Mike Peto’s Read-Aloud

Get yourself over to the new COMPRHENDED! conference; it’s super cheap and flexible PD you can access until May. As a presenter, my main role is fielding any questions people have about what I presented, but I’ve also had time to poke around as a participant, too, and I’ve got a new activity for whole-class reading. Mike Peto of My Generation of Polyglots has been a champion of novels and independent reading for quite a while. He promotes having texts in your FVR (Free Voluntary Reading) library that students can read on their own, which means at-level, as well as below-level reading options, as supported by research on extensive reading (Jeon & Day, 2016). Still, there might be available texts that students need a bit of scaffolding to read. While most texts Latin teachers use are far above level, this whole-class reading strategy is worth sharing, especially for texts adapted to something closer to at-level (but probably still above-level). There’s also value in this reading approach with texts of all levels, especially in COVID times. I’ve used it with first year Latin students as recently as this week. It’s a robust reading process:

1) Teacher reads aloud as students listen
2) Reread paragraph-by-paragraph as students ask clarifying questions to help understanding (English is fine)
3) Reread again as students come up with comprehension questions that the teacher has to answer
(English is fine)

Step #2 is an opportunity to establish meaning, but that doesn’t guarantee comprehension. The questions in step #3 are evidence that students understand…or not. For example, I was asked “where does she run to?” which is a fine question, only the text didn’t say that the character ran anywhere…yet. That gave me the opportunity to say “ohh, well she doesn’t run anywhere yet, but here we see that she wants to run to the stadium” as I pointed out the word vult. It could be a simple oversight, or the student might have a different mental picture of what’s going on in the story. In my experience, younger students will need coaching on how to ask a comprehension question. For example, I mentioned that “who, what, where, when, why, how?” were good question starters, but then I got a bunch of “why?” questions that couldn’t be answered from the text.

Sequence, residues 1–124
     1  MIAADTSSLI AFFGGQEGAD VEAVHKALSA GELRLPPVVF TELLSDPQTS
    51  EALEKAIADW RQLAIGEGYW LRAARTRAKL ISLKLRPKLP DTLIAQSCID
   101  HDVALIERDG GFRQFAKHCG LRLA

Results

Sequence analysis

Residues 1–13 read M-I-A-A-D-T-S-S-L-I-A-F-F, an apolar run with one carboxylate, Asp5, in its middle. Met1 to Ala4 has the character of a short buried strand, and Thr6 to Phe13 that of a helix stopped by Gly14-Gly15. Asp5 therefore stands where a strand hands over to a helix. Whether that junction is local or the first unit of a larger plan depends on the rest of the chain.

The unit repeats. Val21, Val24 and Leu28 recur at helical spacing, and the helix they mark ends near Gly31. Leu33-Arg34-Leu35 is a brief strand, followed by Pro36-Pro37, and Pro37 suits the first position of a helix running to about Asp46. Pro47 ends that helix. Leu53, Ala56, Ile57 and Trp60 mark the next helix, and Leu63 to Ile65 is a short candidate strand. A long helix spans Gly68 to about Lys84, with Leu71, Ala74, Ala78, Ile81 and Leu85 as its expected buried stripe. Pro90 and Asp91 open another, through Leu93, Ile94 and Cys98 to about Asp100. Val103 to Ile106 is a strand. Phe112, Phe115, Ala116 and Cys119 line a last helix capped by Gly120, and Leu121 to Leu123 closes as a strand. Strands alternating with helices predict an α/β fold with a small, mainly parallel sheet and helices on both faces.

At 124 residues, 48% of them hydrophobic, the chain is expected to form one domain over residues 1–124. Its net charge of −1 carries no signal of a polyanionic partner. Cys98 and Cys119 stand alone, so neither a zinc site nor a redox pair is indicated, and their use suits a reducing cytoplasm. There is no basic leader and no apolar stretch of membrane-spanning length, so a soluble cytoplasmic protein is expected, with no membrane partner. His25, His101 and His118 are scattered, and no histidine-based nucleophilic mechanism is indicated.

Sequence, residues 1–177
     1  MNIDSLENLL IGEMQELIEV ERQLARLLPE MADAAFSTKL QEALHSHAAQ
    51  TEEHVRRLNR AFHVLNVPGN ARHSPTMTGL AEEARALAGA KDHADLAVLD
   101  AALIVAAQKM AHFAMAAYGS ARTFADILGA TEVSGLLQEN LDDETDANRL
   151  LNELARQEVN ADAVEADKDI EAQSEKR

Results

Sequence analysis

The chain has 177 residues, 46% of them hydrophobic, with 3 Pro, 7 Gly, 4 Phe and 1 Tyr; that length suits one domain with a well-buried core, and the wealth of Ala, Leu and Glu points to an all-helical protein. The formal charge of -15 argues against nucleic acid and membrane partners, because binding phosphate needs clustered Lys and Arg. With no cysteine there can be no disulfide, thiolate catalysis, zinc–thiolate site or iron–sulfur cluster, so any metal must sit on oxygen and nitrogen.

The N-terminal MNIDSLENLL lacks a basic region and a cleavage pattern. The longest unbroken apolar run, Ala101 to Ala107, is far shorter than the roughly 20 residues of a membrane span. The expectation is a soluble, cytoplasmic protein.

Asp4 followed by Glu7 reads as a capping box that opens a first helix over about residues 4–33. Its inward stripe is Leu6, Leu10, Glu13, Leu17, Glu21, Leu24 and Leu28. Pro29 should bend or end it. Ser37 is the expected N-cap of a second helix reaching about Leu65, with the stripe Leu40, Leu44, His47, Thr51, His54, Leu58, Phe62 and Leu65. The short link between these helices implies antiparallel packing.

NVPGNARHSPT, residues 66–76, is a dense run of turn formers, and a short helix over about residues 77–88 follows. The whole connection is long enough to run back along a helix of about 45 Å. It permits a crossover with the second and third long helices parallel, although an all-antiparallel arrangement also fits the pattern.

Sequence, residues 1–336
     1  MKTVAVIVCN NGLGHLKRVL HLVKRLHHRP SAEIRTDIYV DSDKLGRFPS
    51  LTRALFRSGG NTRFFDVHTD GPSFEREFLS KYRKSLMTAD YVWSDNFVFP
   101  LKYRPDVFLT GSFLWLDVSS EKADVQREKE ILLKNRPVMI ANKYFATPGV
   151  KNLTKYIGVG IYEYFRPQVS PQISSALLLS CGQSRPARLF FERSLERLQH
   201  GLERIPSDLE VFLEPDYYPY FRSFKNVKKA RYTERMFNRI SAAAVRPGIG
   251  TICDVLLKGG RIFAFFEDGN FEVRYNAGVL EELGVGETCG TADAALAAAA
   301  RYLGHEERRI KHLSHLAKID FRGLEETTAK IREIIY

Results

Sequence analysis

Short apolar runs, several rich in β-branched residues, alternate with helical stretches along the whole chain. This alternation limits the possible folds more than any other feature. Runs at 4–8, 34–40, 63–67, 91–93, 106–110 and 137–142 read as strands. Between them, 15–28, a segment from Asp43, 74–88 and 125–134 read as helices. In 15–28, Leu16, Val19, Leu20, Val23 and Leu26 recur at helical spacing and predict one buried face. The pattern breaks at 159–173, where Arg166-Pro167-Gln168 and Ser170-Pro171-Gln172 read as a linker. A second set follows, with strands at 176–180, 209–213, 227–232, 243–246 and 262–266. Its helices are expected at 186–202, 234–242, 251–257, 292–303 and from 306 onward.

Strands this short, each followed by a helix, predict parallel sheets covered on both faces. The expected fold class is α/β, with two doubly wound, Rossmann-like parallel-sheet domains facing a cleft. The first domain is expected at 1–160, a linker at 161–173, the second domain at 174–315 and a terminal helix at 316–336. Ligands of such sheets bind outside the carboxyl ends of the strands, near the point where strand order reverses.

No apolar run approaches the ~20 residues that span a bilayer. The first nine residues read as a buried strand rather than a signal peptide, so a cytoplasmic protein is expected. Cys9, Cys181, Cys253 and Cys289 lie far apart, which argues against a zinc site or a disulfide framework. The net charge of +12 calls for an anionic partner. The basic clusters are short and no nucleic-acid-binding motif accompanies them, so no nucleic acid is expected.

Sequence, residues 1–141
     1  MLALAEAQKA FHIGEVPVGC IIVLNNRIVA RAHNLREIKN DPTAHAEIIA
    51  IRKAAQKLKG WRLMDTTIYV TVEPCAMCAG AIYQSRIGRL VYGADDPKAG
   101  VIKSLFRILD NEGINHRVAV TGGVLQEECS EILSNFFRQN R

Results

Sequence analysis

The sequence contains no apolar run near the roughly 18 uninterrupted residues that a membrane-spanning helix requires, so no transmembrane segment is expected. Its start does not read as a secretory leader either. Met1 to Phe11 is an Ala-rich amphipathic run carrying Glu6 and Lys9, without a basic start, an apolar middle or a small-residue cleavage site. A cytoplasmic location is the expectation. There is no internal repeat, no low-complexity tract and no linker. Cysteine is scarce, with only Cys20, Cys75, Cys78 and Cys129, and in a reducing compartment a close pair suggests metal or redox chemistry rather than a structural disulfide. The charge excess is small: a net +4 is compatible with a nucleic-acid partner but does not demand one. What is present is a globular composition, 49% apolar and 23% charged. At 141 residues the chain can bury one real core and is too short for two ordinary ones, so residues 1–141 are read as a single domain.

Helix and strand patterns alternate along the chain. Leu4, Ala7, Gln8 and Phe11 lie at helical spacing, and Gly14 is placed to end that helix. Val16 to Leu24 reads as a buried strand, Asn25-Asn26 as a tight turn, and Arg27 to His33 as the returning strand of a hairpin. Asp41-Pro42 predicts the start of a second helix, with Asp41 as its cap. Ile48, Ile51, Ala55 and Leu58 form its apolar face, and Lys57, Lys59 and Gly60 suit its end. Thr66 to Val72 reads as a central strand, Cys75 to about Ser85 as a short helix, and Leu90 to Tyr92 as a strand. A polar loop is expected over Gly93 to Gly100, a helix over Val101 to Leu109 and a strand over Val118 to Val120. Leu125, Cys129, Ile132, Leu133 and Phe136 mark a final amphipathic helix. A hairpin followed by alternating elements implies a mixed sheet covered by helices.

Zoom
Whereas my go-to reading strategy includes #1 as I help students process the meaning of Latin, steps #2 and #3 of Mike’s read-aloud promote a LOT more interaction. I like how the three steps are concrete tasks that keep the focus on Latin over Zoom. Other reading strategies rely on students holding themselves accountable for paying attention, and/or require the teacher to check comprehension. Over Zoom, that can get frustrating. With steps #2 and #3, it’s very obvious who needs more support (or who just isn’t there at the computer). Don’t make any judgements, either. I suspected a student had bailed, so while others were thinking of questions to ask, or sending me clarifying requests in direct messages—which I always replied to in general chat (e.g. “vult = she wants”)—I sent direct messages to the students I wasn’t certain were even there. Sure enough, they responded with something. This is the Zoom equivalent of the quiet student taking everything in.

Agrippīna aurīga: Published!

If you like Rūfus et arma ātra, you’ll love Agrippīna aurīga. This might very well be my most engaging text yet, at what I’ve come to see as the the rare “Goldilocks” intersection of comprehension, confidence, and compellingness.

Young Agrippina wants to race chariots, but a small girl from Lusitania couldn’t possibly do that…could she?! After a victorious race in the stadium of Emerita, the local crowd favorite charioteer, Gaius Appuleius Dicloes, runs into trouble, and it’s up to Agrippina to step into much bigger shoes. Can she take on the reins in this equine escapade?

24 cognates + 33 other words
1800 total length

We’ve known Piso’s family is from Hispānia all along. This book picks up on that with Agrippina, our strong mother, back in her childhood stomping grounds. I wanted to write a book with more action that could follow Rūfus et arma ātra. It turns out that I might want to read this before the sword-slinging saga. Agrippīna aurīga is written at a very similar level, though with 24 cognates compared to just two in Rūfus, and besides, I’ve realized that there’s no need to always increase the difficulty and length of each new book. In fact, that might be one way some kids get left in the dust. So, jumping “ahead” a little bit with this (aurīga) only to read a shorter book with fewer words (arma ātra) afterwards not only will go faster, but will also feel more confident a read for the students. Plus, it provides multiple opportunities to re-engage students who aren’t keeping up with reading on their own, and/or are missing far too many classes.

Michael Sintros (Duinneall), who worked with me on the creepy content of Quīntus et nox horrifica audiobook, once again has delivered engaging, ambient music with a new fantastic ancient instrument library. I cannot stress enough how crucial I’ve found these audiobooks to be towards making an unforgettable classroom experience. If I could combine the audio on Amazon as one purchase, I would, but you’ll have to get audio from Bandcamp to listen to with a physical book. Note that the eBooks from both Storylabs & Polyglots have audio included.